Mandy Moore Opened Up About How “Lonely” She Felt While Married To Ryan Adams

Jesse Grant/Getty Images Entertainment/Getty Images

Almost a week after the New York Times published an exposé where women accused Ryan Adams of sexual misconduct and psychological abuse, Mandy Moore is opening up about her marriage to Adams again. (Through his lawyer, Adams denied all allegations in the Times piece, including mentioning that Moore's claims were "completely inconsistent with his view of the relationship.") During a recent appearance on Marc Maron's WTF podcast, Moore claimed she and Adams had an "unhealthy" relationship when they were married, saying that even while they were still together, she felt lonely. (Bustle reached out to Adams' lawyer about Moore's latest comments, but did not receive an immediate response.)

Moore and Adams got married in March 2009. Their divorce was finalized seven years later in June 2016, and according to what Moore said in this new interview, it was a long time coming. She told Maron that she was "living my life for him," taking on a mother role in their marriage, and because of the way things were between them, she knew that things would end sooner or later. She explained,

"I had no sense of self. I felt like I was drowning. It was so untenable, and unsustainable. I was lonely with him. And I just knew this was not the rest of my life. I knew this was not the person I was supposed to be with, I knew this was not the person I was supposed to be … [The end] was a lot of endless conversations. Conversations in a loop, crying, all of that, for months and months and months, and months and months, even after filing for divorce."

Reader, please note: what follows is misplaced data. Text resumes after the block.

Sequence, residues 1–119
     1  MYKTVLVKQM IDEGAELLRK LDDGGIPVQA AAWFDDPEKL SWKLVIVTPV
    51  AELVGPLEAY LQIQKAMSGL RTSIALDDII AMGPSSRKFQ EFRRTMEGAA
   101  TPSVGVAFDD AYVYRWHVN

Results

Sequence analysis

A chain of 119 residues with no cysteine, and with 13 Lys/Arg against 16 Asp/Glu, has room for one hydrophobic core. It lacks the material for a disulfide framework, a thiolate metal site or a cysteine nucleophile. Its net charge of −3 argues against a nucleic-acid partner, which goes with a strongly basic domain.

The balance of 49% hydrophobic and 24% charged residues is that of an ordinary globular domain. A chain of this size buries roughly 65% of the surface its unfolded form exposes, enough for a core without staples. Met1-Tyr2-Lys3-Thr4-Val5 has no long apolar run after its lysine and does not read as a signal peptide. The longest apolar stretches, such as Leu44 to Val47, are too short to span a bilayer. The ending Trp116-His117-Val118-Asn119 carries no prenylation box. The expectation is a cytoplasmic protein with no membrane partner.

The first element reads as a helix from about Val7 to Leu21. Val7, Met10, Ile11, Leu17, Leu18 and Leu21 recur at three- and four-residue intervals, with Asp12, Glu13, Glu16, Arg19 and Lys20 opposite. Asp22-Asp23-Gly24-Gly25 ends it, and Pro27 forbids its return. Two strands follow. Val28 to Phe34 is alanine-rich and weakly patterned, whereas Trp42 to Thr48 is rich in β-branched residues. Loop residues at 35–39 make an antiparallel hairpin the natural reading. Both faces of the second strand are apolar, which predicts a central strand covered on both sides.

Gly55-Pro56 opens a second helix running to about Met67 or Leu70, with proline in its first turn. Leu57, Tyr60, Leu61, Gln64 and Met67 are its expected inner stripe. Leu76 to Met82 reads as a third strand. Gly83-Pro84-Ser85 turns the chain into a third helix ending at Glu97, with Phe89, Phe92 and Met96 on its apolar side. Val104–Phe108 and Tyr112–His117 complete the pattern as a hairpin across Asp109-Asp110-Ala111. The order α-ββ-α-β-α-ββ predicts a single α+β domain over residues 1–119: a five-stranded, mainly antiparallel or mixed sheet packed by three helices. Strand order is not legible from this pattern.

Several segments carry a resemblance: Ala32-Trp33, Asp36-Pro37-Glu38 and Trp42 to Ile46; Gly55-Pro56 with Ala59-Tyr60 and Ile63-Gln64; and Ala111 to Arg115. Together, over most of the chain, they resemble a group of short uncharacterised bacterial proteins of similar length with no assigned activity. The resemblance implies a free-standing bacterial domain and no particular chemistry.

Paul Thomas/Getty Images Entertainment/Getty Images

Moore also opened up about the ways she felt Adams held her back — both professionally and personally. She said,

"I couldn’t get traction on anything with Ryan. I was like, ‘All I want is to be able to do a television show, hopefully here in Los Angeles. Have a nice job, I can come home every night, my husband is here…’"

Moore claimed Adams' behavior wouldn't allow her to get any work done. "I would do little jobs — it’s not like I completely stopped working. But it would become abundantly clear while I was working, things would completely fall apart at home," she said, adding, "I couldn’t do my job because there was a constant stream of trying to pay attention to this person who needed me and wouldn’t let me do anything else."

Moore also said that she originally wanted a family with Adams, but that didn't happen, which ended up being something she was thankful for later on. She said,

"I desperately wanted a family. But I think I just innately knew, like, let’s wait for things to settle down and find some even ground before we venture into that. And now I’m just glad, like everyone said, that we didn’t have children because now I’d have been forever tied to that person. And I don’t want to be. At all. So now it’s a fresh slate.”

In the New York Times report published last Wednesday, Moore claimed Adams' "controlling behavior" kept her from releasing new music in the time that they were together, accusing him of replacing her with other female artists on music they were collaborating on together. She also claimed that he psychologically abused her, telling her that she wasn't a "real musician" because she didn't play an instrument. Through his lawyer, Adams denied these claims in the original Times piece, including saying he never tried to keep her from developing her career.

Since the Times piece was published, Adams has responded on Twitter, denying the claims made against him and calling the article "upsettingly inaccurate."

Moore later spoke out on Instagram, sharing a photo from the Times shoot, along with a caption about what it was like for her to open up about that time in her life. "Speaking your truth can be painful and triggering but it’s always worth it," she wrote. "My heart is with all women who have suffered any sort of trauma or abuse. You are seen and heard."

Although Moore's Instagram post acknowledged how difficult it was to open up, she still spoke up anyway. And because of what she shared, other women in similar situations will likely feel less alone.